Full Video

Students of my Animation classes tackle many different forms of animation, such as stop motion, claymation, shadow animation and more. I wanted to share cel animation, but not discourage them with a lot of work beyond their capacity or skill level.

Hence, this low-cost rotoscoping-type cel animation was developed and brought into the curriculum. By using their bodies as the framework for the animation, this means they don’t need to be drawing rockstars, they just need to follow the outlines and build off of what is there.

The Process: Students act out creatures in the first class. The video of their performance is printed out on 8×11” printer paper sheets and put into clear sheet protectors. Students then use dry erase markers or permanent markers to add their creature shapes and have their creation come to life. These completed frames are put on a background and captured back into the camera. Using a 3-ring binder to hold the protector sheets in place for the camera is a great idea for keeping everything stable.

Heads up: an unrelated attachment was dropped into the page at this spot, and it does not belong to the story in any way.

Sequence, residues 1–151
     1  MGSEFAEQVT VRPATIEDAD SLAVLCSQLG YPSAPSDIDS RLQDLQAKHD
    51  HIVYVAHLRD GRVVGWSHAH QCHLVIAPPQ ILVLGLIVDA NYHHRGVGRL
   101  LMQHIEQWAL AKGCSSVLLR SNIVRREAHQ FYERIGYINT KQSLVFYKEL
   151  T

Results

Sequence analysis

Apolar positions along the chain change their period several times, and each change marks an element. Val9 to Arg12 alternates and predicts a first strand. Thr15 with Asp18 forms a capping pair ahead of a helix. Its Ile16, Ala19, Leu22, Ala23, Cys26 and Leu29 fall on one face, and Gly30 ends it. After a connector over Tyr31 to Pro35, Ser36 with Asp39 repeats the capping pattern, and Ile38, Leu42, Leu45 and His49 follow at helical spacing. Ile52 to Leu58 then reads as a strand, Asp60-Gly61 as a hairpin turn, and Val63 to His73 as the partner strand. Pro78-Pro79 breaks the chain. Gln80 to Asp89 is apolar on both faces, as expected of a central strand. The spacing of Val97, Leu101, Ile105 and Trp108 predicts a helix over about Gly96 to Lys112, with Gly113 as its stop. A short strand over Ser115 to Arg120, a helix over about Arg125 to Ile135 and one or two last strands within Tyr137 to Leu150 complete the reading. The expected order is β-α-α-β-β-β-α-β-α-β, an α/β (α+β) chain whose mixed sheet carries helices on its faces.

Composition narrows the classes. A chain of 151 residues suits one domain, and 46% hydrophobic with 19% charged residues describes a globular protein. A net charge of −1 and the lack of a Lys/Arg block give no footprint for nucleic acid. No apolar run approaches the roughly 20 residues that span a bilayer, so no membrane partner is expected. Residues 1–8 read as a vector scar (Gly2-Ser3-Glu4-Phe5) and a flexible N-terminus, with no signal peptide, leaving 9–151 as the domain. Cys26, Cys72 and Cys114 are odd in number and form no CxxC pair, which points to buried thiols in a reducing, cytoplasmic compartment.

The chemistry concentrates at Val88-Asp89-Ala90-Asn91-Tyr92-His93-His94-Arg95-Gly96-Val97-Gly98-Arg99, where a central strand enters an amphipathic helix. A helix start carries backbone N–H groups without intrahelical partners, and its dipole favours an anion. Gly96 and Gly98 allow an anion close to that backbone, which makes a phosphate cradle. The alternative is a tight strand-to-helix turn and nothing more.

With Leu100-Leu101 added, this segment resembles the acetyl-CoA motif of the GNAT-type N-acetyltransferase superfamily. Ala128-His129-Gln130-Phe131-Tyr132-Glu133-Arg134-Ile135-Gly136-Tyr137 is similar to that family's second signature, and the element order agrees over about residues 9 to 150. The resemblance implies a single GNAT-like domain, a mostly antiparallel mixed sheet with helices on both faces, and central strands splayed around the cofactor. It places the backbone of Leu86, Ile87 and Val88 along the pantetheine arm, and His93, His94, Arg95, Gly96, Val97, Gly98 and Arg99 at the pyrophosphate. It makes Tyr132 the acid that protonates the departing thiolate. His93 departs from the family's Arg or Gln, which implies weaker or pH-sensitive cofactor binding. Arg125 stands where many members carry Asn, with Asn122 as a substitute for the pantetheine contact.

Students complete on average 30 frames per creature in a 2 hour class.

I found this method of cel animation to be fun for all ages including those as young as 7 years old. Students finish the project with great results, have lots of fun and learn about the effort involved in cel animation.

Instructor: Danielle King
Taught at the Forum Art Centre in Winnipeg, Canada.
Classes 2013 – 2015. Ages 7-16 years old.